Storm King Adds Tony Smith, Louise Nevelson, and Barnett Newman Sculptures

Tony Smith, Source (1967). Photo: courtesy Storm King Art Center.
Tony Smith, Source (1967). Photo: courtesy Storm King Art Center.
Barnett Newman Broken Obelisk (1967). Photo: courtesy Storm King Art Center.

Barnett Newman, Broken Obelisk (1967)
Photo: Courtesy Storm King Art Center.

The Storm King Art Center, in New Windsor, New York, has acquired three major long-term loans to add to its outdoor collection of contemporary sculpture: Tony Smith’s Source (1967), Louise Nevelson’s Royal Tide 1 (1960), and Barnett Newman’s Broken Obelisk (1967).

Of particular note is the Obelisk, a rare sculpture by Newman, who only created five others over the course of his career. The piece has been installed atop one of Storm King’s secluded hills. Newman cast three versions of the three-ton weathered steel sculpture in the late 1960s, intending the incomplete nature of the traditional civic monument to serve as a symbol of the nation’s unrest during the Vietnam War. This exhibition copy of the piece was manufactured in 2005.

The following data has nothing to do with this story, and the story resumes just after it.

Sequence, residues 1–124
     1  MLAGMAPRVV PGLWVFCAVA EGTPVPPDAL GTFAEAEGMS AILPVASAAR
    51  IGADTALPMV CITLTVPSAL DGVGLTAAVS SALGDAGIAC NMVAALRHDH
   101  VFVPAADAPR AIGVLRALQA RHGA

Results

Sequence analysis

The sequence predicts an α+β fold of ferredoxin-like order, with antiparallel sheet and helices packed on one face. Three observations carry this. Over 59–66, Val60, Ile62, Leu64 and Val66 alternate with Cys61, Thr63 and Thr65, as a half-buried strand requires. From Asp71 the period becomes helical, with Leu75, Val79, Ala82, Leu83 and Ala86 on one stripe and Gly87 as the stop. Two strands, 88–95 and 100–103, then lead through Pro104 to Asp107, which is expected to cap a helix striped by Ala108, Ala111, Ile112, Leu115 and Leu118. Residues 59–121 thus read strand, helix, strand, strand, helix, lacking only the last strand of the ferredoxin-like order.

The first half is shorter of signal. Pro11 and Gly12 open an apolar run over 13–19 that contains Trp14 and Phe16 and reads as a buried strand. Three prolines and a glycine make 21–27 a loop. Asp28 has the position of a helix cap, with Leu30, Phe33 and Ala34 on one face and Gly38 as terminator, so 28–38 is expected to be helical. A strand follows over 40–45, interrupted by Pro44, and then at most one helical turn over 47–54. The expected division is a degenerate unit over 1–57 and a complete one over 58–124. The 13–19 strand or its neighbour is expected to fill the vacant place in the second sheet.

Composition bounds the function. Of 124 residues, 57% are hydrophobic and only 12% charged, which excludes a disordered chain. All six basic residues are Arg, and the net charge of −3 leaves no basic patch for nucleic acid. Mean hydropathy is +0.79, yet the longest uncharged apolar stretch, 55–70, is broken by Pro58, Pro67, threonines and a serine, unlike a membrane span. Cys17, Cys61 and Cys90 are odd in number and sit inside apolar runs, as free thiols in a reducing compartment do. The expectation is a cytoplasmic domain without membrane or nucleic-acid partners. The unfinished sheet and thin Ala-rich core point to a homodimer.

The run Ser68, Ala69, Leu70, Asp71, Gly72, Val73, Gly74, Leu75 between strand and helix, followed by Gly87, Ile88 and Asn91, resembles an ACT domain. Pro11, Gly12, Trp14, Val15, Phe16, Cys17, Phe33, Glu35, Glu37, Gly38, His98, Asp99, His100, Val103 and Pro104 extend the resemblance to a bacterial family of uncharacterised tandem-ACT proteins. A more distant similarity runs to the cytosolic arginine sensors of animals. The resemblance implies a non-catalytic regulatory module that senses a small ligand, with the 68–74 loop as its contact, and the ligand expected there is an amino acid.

Tony Smith, Source (1967). Photo: courtesy Storm King Art Center.

Tony Smith, Source (1967)
Photo: Courtesy Storm King Art Center.

The Smith sculpture is more prominently located, positioned to greet visitors close to the Museum Hill entrance to the park. Source is one of the artist’s “presences,” designed to have a formal correspondence with the landscape, originally made for Documenta IV in Kassel, Germany. The monumental steel work weighs more than 12,000 pounds.

Nevelson created Royal Tide, an assemblage of found wood objects painted gold, for the Venice Biennale. It is one of 21 gold wall works that comprise her “Royal Tide Series.”

Louise Nevelson, Royal Tide 1 (1960). Photo: courtesy Storm King Art Center.

Louise Nevelson, Royal Tide 1 (1960)
Photo: Courtesy Storm King Art Center.


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